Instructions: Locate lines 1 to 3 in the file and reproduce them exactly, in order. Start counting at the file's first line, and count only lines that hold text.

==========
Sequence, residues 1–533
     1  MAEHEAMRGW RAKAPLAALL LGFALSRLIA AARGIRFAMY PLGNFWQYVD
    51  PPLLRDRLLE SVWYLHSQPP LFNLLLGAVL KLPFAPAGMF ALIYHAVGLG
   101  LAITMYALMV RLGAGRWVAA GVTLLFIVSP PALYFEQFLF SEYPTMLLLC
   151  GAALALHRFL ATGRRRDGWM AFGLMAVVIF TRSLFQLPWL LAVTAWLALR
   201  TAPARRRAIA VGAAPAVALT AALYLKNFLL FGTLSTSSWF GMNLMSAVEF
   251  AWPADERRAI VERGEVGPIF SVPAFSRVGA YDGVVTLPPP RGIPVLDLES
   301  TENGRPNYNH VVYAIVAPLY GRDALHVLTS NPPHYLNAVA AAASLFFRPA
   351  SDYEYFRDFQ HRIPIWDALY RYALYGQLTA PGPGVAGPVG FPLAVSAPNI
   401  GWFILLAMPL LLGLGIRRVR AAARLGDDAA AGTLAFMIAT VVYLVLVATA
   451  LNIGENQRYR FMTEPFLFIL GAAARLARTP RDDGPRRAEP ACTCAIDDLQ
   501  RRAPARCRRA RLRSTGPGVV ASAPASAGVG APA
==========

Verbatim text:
Sequence, residues 1–533
     1  MAEHEAMRGW RAKAPLAALL LGFALSRLIA AARGIRFAMY PLGNFWQYVD
    51  PPLLRDRLLE SVWYLHSQPP LFNLLLGAVL KLPFAPAGMF ALIYHAVGLG